Deciding to Not Stay Where You Are

~ “The first step towards getting somewhere is to DECIDE that you are not going to stay where you are.” ~ (Anny Jacoby)

I just love when I read this quote.  It reminds me of what we have been talking about now for months—since I began the “Living the Gentle Life” series, which has been about the recovery from PTSD and pathological love relationships.

I get emails that say, “I can’t leave him because_________.”  There are lots of reasons that people, both men and women, feel trapped in pathological love relationships for various reasons.  It could be finances, children, poor health, lack of employment or education, religious beliefs, family, attitude, fear of harm, or their own damage from PTSD.  But the first step toward an internal shift, where something else might be a possibility, is beginning with knowing that you are not going to stay where you are.

The external reasons of why you are still there are just that—external.  The paradigm shift starts internally—the decision you make that you are not going to stay where you are, whether emotionally, physically, financially, spiritually, or sexually.  Externally, things begin to happen when you simply make the decision that at some time in the near future, you are not going to stay where you are.  What happens outside of us in recovery starts with the shift internally, before it is ever manifested in our lives.  We won’t follow a path that isn’t first developed internally.  We’ll end up only seeing roadblocks of the external, which doesn’t help us.  The first thing that has to happen is the decision for internal movement.

Over the 20 years of working with pathology and its victims, I have heard every kind of story about pathological relationships.  Anything from the most deviant kind of mind control to attempted murder, to actual murder.  I’ve heard of financial hostage taking, rape, assaults, stalking, women put into comas, people alienated from their children, people being medically harmed, reputations and careers ruined, and people locked in their homes or psyches for decades.  I’ve heard it all.  The emails start with, “But, I can’t”—and then they give the reason for their inability to leave.  But there is movement happening in them that they might not see.  They have read our magazine, our newsletters, or are emailing us; so obviously something inside is shifting.  Somewhere, they are deciding they are not going to stay where they are!  Even mentally they are moving and changing.  Their “yes, but” might be a reason to them, but they are already deciding to not stay where they are.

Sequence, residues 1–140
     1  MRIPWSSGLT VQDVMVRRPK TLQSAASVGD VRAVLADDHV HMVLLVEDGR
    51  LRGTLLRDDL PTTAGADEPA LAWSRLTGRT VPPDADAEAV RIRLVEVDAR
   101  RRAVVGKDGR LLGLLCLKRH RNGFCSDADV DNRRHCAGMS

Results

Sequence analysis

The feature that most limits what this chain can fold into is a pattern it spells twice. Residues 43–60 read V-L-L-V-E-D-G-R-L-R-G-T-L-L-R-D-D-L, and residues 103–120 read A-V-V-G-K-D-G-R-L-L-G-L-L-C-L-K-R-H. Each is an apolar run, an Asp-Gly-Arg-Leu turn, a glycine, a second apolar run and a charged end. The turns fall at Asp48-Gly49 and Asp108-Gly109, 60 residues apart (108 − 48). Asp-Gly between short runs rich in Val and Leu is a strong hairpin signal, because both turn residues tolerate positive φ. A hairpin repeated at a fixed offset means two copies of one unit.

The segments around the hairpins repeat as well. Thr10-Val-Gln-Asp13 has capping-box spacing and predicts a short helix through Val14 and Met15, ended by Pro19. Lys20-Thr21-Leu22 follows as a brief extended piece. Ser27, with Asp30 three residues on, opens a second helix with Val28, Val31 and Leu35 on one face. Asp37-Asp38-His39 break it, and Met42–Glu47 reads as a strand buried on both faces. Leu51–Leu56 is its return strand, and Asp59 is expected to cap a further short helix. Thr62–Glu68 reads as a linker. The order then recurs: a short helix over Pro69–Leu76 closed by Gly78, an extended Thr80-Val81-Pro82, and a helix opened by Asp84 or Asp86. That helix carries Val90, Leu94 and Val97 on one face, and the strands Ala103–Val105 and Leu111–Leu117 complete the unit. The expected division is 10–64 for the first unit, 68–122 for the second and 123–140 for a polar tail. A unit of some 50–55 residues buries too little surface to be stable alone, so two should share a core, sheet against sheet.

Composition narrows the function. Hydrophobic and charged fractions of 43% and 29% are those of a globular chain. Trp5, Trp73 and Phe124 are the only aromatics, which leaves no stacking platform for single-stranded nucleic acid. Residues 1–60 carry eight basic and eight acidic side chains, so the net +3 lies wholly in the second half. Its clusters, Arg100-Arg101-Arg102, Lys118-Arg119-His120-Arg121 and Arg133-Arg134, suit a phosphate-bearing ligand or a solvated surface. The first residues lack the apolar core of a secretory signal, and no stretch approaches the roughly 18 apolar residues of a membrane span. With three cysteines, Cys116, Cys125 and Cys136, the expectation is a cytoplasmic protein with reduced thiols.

Yes, there are safety and housing barriers.  Remember, every community has domestic violence (DV) services, or DV housing most likely exists in your area.

Yes, there are emotional barriers—you have PTSD.  Remember most communities have DV counseling services that are free; churches have support groups, and community mental health counseling for you or your children is free or very low in cost.

Yes, there are starting-over barriers when you leave with only what’s in your suitcase.  Remember, DV services and other nonprofit organizations offer furniture, clothing and household items to those starting over.

Yes, there are legal barriers—you don’t have an attorney.  Remember self-help, nonprofit and women’s organizations.  DV agencies have information on legal aid and OTHER types of pro bono services if you don’t qualify for legal aid.

Yes, there are other case-specific barriers—there are so many issues to manage at once.  Remember women’s organizations, DV agencies and other nonprofit organizations have case workers assigned to you so you don’t have to do it all yourself.

You only have to first decide that you are not going to stay where you are.  That’s the first step to the rest of your life.  That doesn’t mean you leave tomorrow—that means you shift internally—that you open the emotional door of possibility that you will not always be where you are today.

October is Domestic Violence Awareness Month, and I stop and give tribute and memory to those patients of mine who have died because they believed they couldn’t do anything about their situation, or they underestimated his pathology (or her pathology).  In honor of all those who have been harmed, alive or not, we remember you this month, and send  possibility to those living in a pathological situation that your life can and will be different.  I don’t say that flippantly—I too have experienced a lot of pain when I see patients further harmed, so I say it from my own experience.

The Institute has helped thousands of people make that paradigm shift internally so they could eventually make it externally.